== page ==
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We love our soldiers, but not the Iraq War
Who says being anti-war automatically means being anti-soldier?

RICHARD AMRHINE
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Date published: 9/17/2006

By Richard Amrhine

I KNEW FROM its sender that a recent e-mail I received would either amuse or irritate me. The absurdity of its subject matter was a near certainty. It did not let me down. This one did both.

The e-mail equated being anti-war with being anti-soldier, berating this theoretical hypocritical American for enjoying his typical, cushy American lifestyle while our troops are in Iraq and Afghanistan, protecting our freedom in the most hostile and base living conditions imaginable.

Well, excuuuuuse me

Perhaps this misplaced "anti-war; anti-soldier" amalgam stems from the Vietnam War protests of the 1960s. Why soldiers returning from Southeast Asia were viewed as unpopular as the war they fought defies explanation. Nothing we can do now will erase the mistreatment Vietnam veterans faced when they returned home. We can say we're sorry, but that's as pointless as telling a black person we're sorry about 350 years of slavery and a legacy of second-class citizenship.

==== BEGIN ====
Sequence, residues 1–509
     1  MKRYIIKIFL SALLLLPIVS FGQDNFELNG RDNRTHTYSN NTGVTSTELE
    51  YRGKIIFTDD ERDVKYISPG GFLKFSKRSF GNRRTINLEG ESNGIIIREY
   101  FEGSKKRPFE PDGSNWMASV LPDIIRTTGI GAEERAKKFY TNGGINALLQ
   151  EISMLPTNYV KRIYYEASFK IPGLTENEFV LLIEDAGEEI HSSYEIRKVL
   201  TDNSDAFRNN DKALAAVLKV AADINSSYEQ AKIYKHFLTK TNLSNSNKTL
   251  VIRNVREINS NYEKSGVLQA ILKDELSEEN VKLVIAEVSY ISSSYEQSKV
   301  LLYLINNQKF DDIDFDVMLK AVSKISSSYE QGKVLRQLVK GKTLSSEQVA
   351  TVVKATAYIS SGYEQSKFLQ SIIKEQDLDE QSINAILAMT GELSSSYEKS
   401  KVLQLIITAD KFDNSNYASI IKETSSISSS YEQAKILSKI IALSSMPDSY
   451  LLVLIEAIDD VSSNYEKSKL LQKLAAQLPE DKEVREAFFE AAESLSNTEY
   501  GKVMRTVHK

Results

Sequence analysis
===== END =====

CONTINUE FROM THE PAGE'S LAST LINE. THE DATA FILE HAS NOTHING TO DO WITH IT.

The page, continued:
We can try to learn from our mistakes, and some Americans have. Those I've run across who are against the war in Iraq recognize the tremendous sacrifice being made by the troops who are there. That's due in part to the media's efforts to acquaint Americans personally with those who have lost their lives, and the holes in the lives of those left behind.

A significant difference between then and now is that soldiers sent to Vietnam were drafted, while those in Iraq represent a volunteer force. How could we have been so harsh on Vietnam veterans when most of them didn't even go on their own volition? On the other hand, perhaps it helps us appreciate the efforts of our troops in Iraq knowing that they are answering a call of their own free will. Those who signed up during the years of peace that led up to Sept. 11, 2001, hardly expected they'd end up playing roadside-bomb roulette in Iraq.

The point so clearly missed in the message from my e-mail pal is that those who object to the war do so because it kills our young men and women. What could be more pro-soldier than preferring that they don't die?

Those who are pro-war are those who choose to keep our troops in harm's way, suffering the conditions that a combat force faces.


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